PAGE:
Inflatable boat and kayak history. Where did they come from?
According to the Guiness Book of Motorboating, the history of the inflatable boat goes back as far as 880 BC, when the Assyrian king Ashurnasirpal II ordered troops to cross a river using greased animal skins, which they inflated continuously to keep the vessels afloat. In ancient China, during the Sung and Ming dynasties, inflated, airtight skins were used for crossing rivers.
It was 1839, however, that the first inflatable boat pontoons were tested by the Duke of Wellington. In 1840, the Englishman Thomas Hancock designed inflatable craft and described this work in "The Origin and Progress of India Rubber Manufacture in England" published a few years later. In 1844, a Lieutenant Halkett designed a round-shaped inflatable bloat which was used in several Arctic expeditions. The Frenchman Clement Ader devised a floating vessel too. Indeed, many other pioneers invented craft that foreshadowed "inflatables". In 1913, the German Albert Meyer came up with a fairly novel design. By 1920, his company, A. Meyer Bau Pneum. Boote, was marketing his "pneumatic" boats, of which nine were already in use by the German Army.
In France and Great Britain, Zodiac and RFD claim paternity of the first modern inflatable boat. In 1919, RFD's founder Reginald Foster Dagnall tested an inflatable on Lake Wisely in England, and went on to improve its design in the 1930s. This boat was the ancestor of the one-person inflatable liferaft. In France, Pierre Debroutelle came up with a prototype for an inflatable boat in 1934.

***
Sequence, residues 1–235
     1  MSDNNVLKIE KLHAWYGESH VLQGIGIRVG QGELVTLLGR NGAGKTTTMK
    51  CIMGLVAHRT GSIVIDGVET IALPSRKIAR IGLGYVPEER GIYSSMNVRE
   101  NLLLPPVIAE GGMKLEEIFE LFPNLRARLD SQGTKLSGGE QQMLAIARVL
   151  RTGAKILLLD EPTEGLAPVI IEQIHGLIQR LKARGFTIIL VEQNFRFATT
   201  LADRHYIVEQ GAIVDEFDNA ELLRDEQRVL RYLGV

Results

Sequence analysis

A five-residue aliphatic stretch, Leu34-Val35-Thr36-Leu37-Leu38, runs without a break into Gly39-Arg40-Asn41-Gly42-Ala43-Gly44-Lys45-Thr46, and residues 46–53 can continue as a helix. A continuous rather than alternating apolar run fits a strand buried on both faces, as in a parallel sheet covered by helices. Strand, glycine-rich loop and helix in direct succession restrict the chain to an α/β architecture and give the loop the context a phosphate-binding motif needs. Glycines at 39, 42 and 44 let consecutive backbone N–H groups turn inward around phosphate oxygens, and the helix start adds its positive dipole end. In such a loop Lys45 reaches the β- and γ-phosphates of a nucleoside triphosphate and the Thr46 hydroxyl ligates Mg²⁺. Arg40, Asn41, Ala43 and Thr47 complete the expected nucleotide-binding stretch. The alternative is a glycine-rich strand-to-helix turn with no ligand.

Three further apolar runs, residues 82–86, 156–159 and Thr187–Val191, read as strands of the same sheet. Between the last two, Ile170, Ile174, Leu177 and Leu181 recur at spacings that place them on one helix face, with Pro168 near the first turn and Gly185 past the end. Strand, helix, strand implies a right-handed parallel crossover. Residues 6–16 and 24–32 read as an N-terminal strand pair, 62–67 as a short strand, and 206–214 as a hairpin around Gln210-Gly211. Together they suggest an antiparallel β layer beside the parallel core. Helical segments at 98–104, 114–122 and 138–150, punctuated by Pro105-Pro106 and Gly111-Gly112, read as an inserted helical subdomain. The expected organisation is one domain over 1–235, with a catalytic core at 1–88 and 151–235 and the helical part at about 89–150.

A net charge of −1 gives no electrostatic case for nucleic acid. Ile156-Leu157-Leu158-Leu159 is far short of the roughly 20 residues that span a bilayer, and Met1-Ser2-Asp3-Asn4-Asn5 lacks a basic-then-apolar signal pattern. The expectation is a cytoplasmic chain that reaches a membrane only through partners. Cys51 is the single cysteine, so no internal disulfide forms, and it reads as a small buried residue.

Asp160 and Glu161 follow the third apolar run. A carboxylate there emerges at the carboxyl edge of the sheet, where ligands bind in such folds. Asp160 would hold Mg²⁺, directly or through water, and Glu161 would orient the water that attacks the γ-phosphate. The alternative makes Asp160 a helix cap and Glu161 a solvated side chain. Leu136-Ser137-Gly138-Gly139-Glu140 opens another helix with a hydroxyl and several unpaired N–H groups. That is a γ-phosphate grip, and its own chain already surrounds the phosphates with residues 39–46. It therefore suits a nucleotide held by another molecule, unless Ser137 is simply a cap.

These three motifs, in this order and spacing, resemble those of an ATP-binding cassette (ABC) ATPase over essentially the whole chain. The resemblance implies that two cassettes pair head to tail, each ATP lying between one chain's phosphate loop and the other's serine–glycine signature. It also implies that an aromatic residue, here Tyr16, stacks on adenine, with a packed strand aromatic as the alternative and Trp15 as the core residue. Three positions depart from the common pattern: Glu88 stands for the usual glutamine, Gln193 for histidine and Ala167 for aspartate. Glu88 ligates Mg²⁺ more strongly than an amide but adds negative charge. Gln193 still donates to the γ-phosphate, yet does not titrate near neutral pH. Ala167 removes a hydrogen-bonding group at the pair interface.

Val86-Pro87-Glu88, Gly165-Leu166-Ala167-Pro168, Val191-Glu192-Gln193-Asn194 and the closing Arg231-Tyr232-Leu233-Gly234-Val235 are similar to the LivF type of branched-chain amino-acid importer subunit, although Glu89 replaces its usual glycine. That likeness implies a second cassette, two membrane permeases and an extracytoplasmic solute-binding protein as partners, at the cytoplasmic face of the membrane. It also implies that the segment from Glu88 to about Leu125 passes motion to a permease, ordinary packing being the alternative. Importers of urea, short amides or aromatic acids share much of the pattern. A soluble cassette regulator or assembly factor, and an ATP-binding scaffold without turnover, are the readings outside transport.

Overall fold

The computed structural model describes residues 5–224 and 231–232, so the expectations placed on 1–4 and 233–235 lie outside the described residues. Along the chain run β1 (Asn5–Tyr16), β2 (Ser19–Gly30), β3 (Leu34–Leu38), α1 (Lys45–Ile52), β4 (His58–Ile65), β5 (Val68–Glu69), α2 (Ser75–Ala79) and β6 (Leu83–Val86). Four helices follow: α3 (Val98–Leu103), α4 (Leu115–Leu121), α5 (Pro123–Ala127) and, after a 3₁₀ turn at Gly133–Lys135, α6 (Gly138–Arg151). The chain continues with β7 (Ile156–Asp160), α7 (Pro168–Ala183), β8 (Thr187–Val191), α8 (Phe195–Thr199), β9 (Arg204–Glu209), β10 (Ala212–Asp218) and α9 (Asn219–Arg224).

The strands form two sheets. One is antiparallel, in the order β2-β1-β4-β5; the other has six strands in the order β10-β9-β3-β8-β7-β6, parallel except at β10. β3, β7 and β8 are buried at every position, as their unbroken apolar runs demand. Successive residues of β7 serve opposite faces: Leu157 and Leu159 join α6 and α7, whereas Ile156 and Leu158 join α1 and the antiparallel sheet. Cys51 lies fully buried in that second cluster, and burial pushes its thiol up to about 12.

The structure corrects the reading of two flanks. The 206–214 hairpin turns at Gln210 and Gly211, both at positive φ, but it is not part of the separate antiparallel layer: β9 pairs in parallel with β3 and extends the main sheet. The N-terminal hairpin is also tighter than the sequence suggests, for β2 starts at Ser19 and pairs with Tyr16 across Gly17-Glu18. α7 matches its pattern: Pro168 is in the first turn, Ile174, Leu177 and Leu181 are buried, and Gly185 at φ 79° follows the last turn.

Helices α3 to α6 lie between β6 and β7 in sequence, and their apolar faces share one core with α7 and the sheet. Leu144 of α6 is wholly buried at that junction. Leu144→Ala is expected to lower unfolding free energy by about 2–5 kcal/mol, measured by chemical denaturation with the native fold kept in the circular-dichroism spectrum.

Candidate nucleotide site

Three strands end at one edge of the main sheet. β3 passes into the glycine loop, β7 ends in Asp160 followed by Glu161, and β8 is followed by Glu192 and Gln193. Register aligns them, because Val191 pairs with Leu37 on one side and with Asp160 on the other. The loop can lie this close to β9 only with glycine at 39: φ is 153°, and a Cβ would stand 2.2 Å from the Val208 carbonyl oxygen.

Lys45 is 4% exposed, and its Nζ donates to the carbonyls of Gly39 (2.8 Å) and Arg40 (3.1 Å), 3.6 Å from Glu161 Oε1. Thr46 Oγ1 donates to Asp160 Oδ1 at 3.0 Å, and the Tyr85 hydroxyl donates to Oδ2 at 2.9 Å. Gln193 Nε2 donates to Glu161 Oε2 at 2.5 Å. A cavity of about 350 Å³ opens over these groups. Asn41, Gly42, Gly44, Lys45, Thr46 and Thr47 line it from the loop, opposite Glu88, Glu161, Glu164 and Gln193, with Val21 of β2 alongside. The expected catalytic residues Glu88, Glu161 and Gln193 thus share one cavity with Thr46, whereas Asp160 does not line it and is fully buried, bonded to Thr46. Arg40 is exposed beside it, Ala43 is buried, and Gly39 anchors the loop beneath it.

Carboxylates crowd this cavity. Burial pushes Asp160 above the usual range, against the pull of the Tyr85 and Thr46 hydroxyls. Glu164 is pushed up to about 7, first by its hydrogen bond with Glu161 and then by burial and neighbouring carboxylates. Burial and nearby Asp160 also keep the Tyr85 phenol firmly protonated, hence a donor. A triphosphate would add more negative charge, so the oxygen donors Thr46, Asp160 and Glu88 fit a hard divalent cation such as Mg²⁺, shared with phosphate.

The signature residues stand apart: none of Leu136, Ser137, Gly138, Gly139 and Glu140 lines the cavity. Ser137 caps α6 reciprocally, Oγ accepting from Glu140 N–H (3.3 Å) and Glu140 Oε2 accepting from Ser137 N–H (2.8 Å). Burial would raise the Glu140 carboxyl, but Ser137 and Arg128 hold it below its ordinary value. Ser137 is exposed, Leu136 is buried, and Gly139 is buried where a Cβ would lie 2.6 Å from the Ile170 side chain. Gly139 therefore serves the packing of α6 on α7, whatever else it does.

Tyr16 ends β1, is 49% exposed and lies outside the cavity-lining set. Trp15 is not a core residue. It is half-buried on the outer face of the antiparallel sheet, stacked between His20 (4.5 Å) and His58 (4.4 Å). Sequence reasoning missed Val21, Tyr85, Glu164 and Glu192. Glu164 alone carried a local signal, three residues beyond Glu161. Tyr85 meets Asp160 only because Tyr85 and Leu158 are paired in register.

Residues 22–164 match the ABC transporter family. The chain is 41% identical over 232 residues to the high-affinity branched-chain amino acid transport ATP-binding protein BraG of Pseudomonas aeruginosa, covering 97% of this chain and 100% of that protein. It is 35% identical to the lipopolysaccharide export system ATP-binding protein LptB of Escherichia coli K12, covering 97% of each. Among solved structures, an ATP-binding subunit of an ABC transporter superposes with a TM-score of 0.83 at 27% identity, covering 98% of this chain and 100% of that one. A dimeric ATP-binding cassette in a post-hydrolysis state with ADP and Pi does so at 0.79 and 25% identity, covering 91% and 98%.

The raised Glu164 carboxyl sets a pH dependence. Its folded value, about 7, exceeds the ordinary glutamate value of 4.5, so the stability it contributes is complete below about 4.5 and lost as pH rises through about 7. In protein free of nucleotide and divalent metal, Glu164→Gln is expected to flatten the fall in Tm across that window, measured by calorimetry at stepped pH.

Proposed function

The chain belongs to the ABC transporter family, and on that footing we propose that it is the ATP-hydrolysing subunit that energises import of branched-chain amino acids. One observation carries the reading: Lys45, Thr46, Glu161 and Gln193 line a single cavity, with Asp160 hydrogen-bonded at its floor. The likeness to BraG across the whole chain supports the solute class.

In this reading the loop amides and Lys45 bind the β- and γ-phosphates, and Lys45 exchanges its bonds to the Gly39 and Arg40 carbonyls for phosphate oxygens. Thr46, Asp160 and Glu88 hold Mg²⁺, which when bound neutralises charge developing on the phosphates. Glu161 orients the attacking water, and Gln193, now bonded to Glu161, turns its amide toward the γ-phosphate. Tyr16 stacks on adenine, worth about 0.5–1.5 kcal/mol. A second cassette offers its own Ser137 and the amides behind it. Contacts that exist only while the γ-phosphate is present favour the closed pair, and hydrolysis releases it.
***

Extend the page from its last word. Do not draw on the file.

The first boat of its kind to be certified by the French Navy, Zodiac's model probably sparked the development of the civil and military inflatable boat industry. Unlike its counterparts, the boat improved by Pierre Debroutelle in 1937 was actually designed in a U-shape, with the two lateral buoyancy chambers connected by a wooden transom patented on August 10, 1943. This version was the direct predecessor of today's inflatable sports and pleasure boats.
Since then many new manufacturers, new models and new designs have hit the market. Inflatable boat are no longer a little dinghy on the back of a large pleasure yacht, but can range up to 45 ft in length and longer. "Rigid" hulls of fiberglass or aluminum have evolved from the original fabric floors, luxury components and even cabins now grace the decks of many inflatable boats. Contrary to the name, inflatable boat, on some inflatable boats of today the only thing inflatable is the collar around the perimeter gunwales of the deck however, the inflatable boat lives on and becomes more popular year after year.
About The Author:
T. Chevrier is a successful author and publisher of several online articles in the inflatable boat industry for www.inflatable-boats-kayaks-accessories.com
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